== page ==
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Wildfire Town Hall Sparks Discussion On Management, Personal Responsibility

Aspen tree grove with wildfire of orange flames and dark smoke.
US Forest Service

In August 2013, the Millville Fire consumed over 3,000 acres of state, private and federal land in Cache County, Utah. It was the last big fire in the area, and foresters and legislators hope it stays that way.

Hosted by state senators and representatives, the wildfire town hall featured speakers from both state and federal forest agencies. They focused on collaboration with county and municipality governments, advocating for active management of lands.

“We have three larger prescribed fire units up Logan Canyon, this is aspen regeneration," said James Turner, the fire manager for the northern district of the Uinta-Wasatch-Cache National Forest. "So we are going in, targeting the conifer encroachment into aspen stands. All our projects go hand in hand with wildlife, watershed and wildfire reductions.”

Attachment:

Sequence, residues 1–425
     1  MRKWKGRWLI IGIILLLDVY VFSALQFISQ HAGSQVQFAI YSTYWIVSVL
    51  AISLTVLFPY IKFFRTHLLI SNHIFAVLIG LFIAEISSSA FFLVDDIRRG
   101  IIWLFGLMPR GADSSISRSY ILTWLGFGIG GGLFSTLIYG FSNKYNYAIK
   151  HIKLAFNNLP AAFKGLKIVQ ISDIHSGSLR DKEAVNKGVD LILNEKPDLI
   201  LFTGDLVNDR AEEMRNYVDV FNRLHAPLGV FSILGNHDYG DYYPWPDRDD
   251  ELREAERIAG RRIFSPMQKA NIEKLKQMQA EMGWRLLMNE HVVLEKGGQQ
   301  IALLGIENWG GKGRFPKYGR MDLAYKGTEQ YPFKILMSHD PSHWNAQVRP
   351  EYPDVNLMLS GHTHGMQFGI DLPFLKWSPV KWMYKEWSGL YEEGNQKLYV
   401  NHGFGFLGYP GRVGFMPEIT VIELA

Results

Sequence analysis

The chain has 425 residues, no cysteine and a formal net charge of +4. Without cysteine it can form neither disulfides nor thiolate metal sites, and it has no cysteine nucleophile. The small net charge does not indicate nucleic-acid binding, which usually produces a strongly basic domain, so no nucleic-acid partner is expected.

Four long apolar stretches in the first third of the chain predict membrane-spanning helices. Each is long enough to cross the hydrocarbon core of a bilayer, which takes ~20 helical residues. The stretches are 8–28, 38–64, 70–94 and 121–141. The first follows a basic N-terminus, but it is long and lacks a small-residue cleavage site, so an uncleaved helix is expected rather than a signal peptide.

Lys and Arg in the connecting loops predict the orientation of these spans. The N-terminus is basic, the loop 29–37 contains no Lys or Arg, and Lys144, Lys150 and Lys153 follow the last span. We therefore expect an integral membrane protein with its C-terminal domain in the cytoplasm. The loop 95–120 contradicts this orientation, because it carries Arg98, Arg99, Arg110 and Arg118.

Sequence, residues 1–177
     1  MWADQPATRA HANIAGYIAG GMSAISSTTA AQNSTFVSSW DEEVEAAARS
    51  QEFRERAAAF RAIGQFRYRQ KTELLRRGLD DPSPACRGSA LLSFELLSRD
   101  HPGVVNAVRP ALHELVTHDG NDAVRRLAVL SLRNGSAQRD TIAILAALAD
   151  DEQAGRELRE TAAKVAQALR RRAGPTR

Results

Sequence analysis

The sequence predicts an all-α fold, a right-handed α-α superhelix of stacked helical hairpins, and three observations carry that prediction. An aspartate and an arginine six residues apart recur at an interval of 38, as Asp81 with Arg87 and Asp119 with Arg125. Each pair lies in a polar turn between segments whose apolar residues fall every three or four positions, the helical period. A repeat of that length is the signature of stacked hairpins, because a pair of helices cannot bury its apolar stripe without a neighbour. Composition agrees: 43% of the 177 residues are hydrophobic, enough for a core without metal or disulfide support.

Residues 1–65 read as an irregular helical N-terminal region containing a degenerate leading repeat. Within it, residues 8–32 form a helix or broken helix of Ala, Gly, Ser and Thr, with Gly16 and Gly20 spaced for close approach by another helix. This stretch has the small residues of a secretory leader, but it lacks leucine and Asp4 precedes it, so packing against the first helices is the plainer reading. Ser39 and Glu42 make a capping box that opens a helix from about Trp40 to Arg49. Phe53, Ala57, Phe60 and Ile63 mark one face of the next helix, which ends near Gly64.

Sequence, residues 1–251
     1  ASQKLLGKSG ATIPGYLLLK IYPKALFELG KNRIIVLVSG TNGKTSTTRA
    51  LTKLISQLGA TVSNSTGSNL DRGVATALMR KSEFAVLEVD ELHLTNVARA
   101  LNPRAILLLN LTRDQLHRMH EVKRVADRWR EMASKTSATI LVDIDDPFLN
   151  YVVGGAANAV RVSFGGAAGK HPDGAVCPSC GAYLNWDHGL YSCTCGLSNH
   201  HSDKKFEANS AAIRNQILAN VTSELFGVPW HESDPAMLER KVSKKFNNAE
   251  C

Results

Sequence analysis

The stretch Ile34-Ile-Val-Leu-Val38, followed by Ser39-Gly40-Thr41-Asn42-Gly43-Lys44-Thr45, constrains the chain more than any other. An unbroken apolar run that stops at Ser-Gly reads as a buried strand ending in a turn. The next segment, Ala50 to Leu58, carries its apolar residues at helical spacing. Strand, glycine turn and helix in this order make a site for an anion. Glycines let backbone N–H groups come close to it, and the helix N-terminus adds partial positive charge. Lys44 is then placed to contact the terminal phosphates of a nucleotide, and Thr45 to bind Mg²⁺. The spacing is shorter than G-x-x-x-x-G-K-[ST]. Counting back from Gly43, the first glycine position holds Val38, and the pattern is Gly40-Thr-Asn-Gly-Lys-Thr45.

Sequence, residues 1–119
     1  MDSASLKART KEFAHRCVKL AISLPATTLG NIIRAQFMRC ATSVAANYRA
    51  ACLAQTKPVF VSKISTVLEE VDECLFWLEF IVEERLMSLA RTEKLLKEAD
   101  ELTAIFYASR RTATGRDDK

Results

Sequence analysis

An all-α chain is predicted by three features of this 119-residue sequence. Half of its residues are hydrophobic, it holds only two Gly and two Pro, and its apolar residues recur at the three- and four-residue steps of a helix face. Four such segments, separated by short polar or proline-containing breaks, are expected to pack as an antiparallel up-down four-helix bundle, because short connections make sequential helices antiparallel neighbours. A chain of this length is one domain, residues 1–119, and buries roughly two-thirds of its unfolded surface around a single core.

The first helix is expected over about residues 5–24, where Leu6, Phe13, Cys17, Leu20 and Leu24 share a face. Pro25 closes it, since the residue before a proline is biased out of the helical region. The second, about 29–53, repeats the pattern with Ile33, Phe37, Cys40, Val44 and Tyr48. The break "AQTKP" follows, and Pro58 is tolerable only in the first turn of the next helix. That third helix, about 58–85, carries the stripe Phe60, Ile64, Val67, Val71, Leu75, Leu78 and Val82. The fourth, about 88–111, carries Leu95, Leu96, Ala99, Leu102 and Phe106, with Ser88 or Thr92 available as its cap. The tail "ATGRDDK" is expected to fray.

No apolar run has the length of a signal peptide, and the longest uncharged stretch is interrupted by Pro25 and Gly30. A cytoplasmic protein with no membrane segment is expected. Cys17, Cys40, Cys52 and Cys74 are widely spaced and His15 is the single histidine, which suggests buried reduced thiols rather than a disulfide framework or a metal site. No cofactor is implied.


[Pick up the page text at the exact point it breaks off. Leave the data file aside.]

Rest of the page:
More than 50% of Utah’s fires in 2018 were human caused, and those in attendance were very concerned about lowering that number. One person asked about shooting areas in the forest, as fires started by sparks from guns and bullets account for a significant portion. The legislators and speakers said restricting shooting ranges and certain weapons would be effective, but very unpopular.

“It comes down to politics, for a county or a municipality to propose something like that you would have lots more people coming out against it without the data," said Rep. Val Potter (R-UT 3rd District). "The elected officials are put in a position of ‘do we go against the majority of citizens for the good of the wildlife and the ground and so on and the potential of a burn, or do we support the people?’ and in the end, the people make a lot of noise.”

Some fires ignited from incidents as benign as horseshoes sparking against rocks, the speakers said. They encouraged safety and awareness with campfires as the wildfire season begins.